Inspired by the publication of a book celebrating the role of the women in the Manhattan Project, this paper seeks to demonstrate that such an effort – to the extent it accepts and endorses the historical, political and scientific legitimacy of the Project – is both misguided and dangerous. An alternative feminist critique is presented: one respecting the views of those scientists (men and women) who refused to participate or who have sought to challenge the reductionist Western scientific paradigm from which the Bomb emerged. Illumination of the repressive and hierarchal structures requisite for the “birth” of the nuclear age is undertaken and views excised by the official narrative – the voices of wives, daughters and victims – are recalled. In constructing this “counter-narrative”, critical stress is laid on the multiple negative legacies of the Project and the positive requirement for humane, sustainable alternatives to the poisonous technologies often spawned by current forms of scientific inquiry.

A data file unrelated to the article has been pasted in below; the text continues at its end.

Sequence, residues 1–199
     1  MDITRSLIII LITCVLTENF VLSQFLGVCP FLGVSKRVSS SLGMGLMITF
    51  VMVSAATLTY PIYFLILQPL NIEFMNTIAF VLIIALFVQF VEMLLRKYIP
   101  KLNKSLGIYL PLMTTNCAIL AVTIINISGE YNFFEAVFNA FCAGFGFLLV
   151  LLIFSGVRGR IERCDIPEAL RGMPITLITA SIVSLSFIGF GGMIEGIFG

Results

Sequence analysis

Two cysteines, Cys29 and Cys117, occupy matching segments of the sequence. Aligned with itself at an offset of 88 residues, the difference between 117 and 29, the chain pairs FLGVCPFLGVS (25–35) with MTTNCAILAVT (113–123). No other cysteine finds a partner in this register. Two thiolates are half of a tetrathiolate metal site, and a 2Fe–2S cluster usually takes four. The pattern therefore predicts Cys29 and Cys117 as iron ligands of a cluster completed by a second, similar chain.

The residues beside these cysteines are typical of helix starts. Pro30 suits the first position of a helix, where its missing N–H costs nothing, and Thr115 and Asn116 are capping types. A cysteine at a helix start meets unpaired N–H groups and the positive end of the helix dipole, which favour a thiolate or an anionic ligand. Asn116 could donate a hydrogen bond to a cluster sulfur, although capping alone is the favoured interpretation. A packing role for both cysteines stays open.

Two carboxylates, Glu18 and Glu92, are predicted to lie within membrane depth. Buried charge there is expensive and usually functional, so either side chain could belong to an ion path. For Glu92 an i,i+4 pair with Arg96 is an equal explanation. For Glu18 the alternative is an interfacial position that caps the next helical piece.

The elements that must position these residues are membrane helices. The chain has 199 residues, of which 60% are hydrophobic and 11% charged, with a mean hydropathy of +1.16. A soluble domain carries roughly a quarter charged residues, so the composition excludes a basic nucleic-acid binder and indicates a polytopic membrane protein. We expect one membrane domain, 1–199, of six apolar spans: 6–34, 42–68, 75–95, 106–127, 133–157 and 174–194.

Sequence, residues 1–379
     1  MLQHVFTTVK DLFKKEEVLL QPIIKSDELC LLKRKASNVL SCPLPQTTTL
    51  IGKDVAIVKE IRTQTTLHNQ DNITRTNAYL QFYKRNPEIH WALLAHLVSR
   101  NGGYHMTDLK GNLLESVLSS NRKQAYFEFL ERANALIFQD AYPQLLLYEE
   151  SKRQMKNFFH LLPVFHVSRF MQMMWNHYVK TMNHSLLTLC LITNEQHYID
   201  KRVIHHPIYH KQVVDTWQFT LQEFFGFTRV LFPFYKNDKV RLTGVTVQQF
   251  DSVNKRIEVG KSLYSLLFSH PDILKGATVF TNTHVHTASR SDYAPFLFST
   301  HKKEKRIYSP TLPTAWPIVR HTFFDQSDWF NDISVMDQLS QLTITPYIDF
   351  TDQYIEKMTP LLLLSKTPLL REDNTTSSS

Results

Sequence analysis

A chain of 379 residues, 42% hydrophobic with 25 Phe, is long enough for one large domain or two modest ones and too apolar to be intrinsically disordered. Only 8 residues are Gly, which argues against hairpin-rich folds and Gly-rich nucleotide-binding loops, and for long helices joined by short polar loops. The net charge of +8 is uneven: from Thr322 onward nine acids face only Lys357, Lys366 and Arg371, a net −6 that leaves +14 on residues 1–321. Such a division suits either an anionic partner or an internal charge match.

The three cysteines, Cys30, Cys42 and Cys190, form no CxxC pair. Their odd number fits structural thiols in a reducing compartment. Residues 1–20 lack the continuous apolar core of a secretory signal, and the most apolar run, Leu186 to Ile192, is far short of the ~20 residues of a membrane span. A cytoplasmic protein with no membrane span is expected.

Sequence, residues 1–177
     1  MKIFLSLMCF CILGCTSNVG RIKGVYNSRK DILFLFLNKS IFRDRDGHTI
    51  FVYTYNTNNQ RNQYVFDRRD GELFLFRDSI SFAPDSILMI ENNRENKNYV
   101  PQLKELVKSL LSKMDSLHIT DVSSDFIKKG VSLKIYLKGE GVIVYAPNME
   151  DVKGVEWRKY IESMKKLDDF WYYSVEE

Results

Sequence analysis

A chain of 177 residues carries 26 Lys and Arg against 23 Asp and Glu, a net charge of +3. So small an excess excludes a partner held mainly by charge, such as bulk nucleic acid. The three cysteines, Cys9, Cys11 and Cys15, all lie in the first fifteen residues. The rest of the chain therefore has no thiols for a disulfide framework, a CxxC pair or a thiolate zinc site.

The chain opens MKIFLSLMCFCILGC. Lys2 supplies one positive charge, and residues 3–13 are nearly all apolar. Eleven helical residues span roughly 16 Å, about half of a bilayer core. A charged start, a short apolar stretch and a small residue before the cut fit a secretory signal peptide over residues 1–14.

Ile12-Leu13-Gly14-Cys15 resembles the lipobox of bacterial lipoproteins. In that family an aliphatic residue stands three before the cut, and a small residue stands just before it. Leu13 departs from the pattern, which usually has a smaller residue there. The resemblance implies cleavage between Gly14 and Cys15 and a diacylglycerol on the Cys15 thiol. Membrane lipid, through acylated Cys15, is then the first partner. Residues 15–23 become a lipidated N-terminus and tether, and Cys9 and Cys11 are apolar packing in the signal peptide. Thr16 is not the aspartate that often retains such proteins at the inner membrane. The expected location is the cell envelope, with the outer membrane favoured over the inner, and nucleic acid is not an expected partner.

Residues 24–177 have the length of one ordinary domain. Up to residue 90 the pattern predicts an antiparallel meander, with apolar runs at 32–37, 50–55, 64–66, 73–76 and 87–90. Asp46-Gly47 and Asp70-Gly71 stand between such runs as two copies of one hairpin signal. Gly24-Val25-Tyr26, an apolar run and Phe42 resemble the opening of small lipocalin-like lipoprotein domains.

Author Bio(s)

Lee-Anne Broadhead is Chair and Associate Professor of political science at Cape Breton University in Canada. She is the author of International Environmental Politics: The Limits of Green Diplomacy (Lynne Rienner, 2002) and has published widely on peace and security issues, as well as on the social and political consequences of globalization, in such journals as British Journal of Canadian Studies, International Journal, Canadian Woman Studies/les cahiers de la femme, Peace Magazine and others. She previously taught in the Department of Peace Studies, University of Bradford, U.K. Email: LeeAnne_Broadhead@cbu.ca


feminist science, intellectual inquiry, Manhattan Project, weapons of mass destruction, Western scientific paradigm, women

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